So many people wanted to view King Richard III's coffin in Leicester cathedral that they faced a wait of up to four hours. About 2,000 people queued to take their turn to file past the coffin containing the remains that were discovered beneath in a car park in 2012.
Such was the interest in seeing the coffin, that even the long wait failed to dampen spirits. "Well, we didn't know it was going to be an hour and a half, but it's a very special day isn't it? I mean it's a king," one man told Reuters.
While many were locals, some had travelled from far and wide. "Just to be here for this kind of an event, to touch it, it's something you would never dream of and to live in this time and to be able to reach back to ancient times, it's something I just love," said Mary Strizek, from Colorado.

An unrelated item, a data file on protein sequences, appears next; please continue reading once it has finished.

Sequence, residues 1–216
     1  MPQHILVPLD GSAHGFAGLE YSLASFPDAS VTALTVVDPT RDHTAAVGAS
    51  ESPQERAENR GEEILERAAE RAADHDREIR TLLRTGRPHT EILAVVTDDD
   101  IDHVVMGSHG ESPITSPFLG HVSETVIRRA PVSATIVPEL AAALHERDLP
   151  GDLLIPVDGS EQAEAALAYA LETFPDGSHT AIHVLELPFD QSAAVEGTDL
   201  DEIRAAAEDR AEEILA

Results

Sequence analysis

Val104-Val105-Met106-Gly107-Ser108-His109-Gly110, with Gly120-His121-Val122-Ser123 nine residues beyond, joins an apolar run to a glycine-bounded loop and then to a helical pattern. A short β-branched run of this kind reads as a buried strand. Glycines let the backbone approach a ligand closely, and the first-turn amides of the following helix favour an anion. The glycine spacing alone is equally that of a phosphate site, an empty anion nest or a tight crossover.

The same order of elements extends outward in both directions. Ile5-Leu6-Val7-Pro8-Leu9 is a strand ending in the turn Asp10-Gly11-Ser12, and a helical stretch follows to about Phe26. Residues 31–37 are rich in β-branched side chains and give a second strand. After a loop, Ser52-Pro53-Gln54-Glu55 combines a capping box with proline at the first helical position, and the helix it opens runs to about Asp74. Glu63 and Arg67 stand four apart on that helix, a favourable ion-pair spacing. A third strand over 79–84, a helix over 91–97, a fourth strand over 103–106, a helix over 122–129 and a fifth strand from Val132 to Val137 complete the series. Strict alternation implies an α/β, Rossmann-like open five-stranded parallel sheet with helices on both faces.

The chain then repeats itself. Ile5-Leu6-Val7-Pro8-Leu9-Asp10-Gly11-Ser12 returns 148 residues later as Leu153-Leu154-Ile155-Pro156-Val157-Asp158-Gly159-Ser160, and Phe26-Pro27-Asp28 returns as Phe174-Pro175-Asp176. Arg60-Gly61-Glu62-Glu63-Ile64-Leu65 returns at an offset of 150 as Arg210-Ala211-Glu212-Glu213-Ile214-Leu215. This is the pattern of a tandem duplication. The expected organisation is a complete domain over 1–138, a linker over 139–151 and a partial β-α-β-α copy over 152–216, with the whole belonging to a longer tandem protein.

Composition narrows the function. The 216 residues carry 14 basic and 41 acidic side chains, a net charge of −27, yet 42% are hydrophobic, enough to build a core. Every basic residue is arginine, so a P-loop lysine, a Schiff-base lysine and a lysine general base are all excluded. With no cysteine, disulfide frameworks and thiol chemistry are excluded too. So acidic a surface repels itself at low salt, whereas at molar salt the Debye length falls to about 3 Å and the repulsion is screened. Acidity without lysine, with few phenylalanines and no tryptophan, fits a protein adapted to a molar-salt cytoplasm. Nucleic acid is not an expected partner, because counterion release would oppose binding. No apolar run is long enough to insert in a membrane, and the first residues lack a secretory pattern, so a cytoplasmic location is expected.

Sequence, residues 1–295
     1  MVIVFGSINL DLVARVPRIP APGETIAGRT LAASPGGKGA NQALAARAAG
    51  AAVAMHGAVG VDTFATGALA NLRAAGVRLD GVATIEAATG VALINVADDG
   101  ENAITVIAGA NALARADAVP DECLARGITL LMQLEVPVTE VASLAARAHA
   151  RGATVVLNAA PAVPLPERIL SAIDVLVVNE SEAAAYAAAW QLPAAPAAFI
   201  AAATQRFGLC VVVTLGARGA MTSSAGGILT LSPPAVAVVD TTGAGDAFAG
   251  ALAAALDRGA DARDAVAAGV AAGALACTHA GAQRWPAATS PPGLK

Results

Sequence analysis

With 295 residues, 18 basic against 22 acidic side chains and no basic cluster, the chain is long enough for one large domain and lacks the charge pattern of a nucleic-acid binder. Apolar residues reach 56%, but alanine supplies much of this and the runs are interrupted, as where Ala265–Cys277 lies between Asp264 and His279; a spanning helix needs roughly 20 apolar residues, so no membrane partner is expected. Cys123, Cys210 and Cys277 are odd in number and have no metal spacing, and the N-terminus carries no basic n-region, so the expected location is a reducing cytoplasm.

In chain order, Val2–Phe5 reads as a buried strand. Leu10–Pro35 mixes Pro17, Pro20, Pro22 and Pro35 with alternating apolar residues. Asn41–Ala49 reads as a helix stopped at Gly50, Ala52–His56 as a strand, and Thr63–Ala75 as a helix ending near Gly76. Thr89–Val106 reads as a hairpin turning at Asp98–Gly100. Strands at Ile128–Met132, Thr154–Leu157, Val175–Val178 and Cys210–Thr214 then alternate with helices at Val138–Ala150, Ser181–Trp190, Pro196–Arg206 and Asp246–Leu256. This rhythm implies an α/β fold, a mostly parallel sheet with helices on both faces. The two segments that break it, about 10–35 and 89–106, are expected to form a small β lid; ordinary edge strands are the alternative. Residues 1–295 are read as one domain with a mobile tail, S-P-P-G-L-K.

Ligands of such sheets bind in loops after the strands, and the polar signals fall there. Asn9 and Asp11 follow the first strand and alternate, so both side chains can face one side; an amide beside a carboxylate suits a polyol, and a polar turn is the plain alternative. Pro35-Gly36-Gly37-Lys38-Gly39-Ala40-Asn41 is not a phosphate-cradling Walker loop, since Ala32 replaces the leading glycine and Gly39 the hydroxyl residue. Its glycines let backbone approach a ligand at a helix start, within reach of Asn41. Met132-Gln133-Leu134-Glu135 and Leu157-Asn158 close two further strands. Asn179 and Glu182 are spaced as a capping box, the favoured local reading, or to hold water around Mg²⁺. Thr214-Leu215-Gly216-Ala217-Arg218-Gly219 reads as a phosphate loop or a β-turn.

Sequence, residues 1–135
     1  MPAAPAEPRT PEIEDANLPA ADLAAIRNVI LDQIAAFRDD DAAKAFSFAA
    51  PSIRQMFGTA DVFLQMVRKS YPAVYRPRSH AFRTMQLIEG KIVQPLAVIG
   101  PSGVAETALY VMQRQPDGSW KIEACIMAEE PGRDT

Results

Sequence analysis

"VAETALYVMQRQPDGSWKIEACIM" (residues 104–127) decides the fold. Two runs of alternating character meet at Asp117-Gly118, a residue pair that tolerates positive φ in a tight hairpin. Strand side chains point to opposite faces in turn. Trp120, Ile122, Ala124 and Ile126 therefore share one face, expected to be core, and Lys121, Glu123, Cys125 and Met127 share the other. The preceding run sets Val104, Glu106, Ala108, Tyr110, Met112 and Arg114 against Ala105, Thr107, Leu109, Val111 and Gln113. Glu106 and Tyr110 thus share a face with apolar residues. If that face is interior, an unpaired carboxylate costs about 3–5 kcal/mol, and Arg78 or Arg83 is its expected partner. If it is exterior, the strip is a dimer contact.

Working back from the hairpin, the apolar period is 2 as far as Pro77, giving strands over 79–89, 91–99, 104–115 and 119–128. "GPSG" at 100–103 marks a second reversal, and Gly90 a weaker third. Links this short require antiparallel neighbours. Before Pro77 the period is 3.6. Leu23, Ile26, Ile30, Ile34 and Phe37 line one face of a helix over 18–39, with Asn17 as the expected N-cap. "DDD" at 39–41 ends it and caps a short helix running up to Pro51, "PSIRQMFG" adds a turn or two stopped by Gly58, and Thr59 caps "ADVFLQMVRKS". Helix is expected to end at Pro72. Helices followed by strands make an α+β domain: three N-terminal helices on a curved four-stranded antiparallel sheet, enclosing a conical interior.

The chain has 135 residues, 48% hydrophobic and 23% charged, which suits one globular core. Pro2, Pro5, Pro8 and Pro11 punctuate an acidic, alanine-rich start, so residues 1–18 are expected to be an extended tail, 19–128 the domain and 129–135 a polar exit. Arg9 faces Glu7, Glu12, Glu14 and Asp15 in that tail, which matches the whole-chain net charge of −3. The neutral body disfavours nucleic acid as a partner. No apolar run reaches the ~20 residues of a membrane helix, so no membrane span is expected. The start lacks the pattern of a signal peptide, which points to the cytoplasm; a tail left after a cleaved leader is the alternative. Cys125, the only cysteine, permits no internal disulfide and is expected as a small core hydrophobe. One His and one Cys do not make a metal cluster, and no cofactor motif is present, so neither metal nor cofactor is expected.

Richard's remains, guarded by four military veterans, are lying in repose before being buried at the cathedral on Thursday, 26 March, in a tomb fit for a royal. The public can view the coffin for the next few days.
A cortège carrying the remains of King Richard III was welcomed by thousands of people in the city of Leicester on Sunday, 22 March, after a journey to the battlefield where he was slain 530 years ago.
Richard's coffin left the University of Leicester where it has been since his remains were discovered in 2012. Accompanied by the team who made the find, the remains were transported in a hearse to Fenn Lane Farm in the village of Dadlington, the site believed to be the closest to where he died.
The procession then passed the Bosworth Battlefield Heritage Centre and a number of villages, stopping at St Nicholas' Church in Leicester for a service.
People holding white roses, the symbol of Richard's house of York, lined Leicester's streets as the coffin was borne into the cathedral.
Richard was killed at Bosworth Field in 1485. He was the last English king killed in battle and his death marked the end of the War of the Roses and the beginning of the Tudor dynasty.
This article was first published on March 23, 2015